Referring to the epidemic of auto break-ins—San Francisco reported 30,000 of them in 2017—he said, “This is one of the reasons we see a tremendous number of break-ins, because there aren’t enough officers on the streets.”
Addressing the housing crisis is also high on his list of priorities. In his “Contract with San Francisco,” he has listed measures he will take if elected.
First, he strongly believes that San Francisco needs to build more units with one, two, or three bedrooms. The trend lately has been to build mostly micro units that are meant for one person.
He believes building larger units is vital to keeping families in the city.
“We have families that need housing. We need two- and three-bedroom units. Many people in San Francisco don’t care about families. That’s what is pushing families out,” Greenberg said.
Another step he would take toward easing the housing crisis is to open the Presidio park and land owned by the San Francisco Unified School District for teachers and first-responder priority housing.
Greenberg has worked as a business consultant for the past 17 years. Through this, he has gained a deep appreciation for the importance of small businesses to San Francisco.
“Small business is part of our fiber—they’re part of San Francisco,” he said.
He’s concerned to see so many failing.
“We see so many empty store fronts. I find very disturbing the number of laws and proposals by City Hall over the years that have hurt these small businesses,” Greenberg said.
“I want to find ways of [helping small businesses succeed], to make exceptions for small-business owners who want to open a new shop. We have to figure something out, because more and more businesses are leaving. Small, locally owned franchise chains and small independent businesses all need help,” he said.
Guided in his life by a strict code of ethics, Greenberg wants to bring these principles to the mayor’s office.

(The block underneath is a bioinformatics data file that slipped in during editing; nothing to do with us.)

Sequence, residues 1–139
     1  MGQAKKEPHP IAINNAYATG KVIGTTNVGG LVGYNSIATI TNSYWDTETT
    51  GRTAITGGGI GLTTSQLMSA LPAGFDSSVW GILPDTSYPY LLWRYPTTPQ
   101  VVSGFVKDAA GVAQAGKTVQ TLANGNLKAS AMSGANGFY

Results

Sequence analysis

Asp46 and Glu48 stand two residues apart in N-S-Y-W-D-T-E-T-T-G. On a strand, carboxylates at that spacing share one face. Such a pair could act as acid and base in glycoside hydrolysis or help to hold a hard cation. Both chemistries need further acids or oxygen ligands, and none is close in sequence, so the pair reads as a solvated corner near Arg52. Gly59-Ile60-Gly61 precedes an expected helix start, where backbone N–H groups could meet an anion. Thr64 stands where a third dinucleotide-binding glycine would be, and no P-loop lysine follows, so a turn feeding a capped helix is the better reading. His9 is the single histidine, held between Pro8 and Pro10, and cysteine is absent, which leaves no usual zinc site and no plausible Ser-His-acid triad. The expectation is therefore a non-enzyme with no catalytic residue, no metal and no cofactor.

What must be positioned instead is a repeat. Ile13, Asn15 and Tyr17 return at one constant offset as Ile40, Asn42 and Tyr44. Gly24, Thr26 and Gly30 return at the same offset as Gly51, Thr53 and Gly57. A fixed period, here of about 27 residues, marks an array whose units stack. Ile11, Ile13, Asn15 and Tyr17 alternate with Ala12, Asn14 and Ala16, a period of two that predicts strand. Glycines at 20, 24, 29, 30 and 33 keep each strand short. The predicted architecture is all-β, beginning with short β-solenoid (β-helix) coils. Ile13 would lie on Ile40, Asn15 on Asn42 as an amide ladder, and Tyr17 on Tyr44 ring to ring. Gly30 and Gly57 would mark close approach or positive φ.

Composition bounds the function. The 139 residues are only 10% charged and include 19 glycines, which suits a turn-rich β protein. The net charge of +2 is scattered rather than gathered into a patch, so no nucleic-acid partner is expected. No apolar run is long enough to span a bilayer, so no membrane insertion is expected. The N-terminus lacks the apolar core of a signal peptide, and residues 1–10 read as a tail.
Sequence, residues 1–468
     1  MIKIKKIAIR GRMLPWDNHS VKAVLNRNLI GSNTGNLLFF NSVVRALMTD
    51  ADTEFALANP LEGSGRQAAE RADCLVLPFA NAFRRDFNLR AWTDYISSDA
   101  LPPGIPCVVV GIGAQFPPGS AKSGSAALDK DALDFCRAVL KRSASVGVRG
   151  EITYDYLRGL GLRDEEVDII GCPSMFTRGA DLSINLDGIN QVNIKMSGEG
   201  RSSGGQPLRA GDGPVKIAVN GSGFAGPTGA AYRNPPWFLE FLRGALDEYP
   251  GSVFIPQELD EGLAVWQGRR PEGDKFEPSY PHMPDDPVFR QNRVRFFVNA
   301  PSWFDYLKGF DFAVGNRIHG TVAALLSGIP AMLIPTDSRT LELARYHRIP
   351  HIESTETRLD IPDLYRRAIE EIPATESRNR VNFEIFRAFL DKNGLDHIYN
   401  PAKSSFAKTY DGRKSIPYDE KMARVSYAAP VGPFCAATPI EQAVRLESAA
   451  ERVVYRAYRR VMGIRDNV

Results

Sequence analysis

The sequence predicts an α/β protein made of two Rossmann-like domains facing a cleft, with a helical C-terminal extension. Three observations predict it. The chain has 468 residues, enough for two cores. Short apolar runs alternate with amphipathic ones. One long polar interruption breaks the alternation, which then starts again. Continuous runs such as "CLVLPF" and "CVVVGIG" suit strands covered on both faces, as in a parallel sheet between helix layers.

“I try to be very ethical. I’m not trying to impose my beliefs on others, but to be ethical and respectable is part of my religion, and I will bring that into the mayor’s office,” he said.
If elected, Greenberg promises to be guided by three core principles: accountability, law and order, and quality of life. He believes these principles complement each other, and a high quality of life is achieved when accountability is coupled with law and order.
“As mayor, I will be accountable to the citizens of San Francisco. I will follow laws, and I will enforce the laws,” he said.
Greenberg is undeterred by the fact that San Francisco hasn’t elected a Republican mayor for more than 50 years. He considers himself “moderate in a city in progressive decline” and feels that many people are losing faith in the city’s “left and lefter politics.”
“From 1912 to 1964, San Francisco had five Republican mayors in a row. The Republican mayors and administration built a lot of the big projects here. A lot of buildings around Van Ness and City Hall, the ballet and symphony hall, were all built with Republican mayorship guidance,” he said.
“Then, after 1964, Democratic mayors came in, and look at what we have now: uncontrolled homelessness, tremendous budget, understaffed police department, crime break-ins, drugs, on and on and on. So I say, let’s get back to quality. Let’s get back to prosperity, to accountability, and law and order.”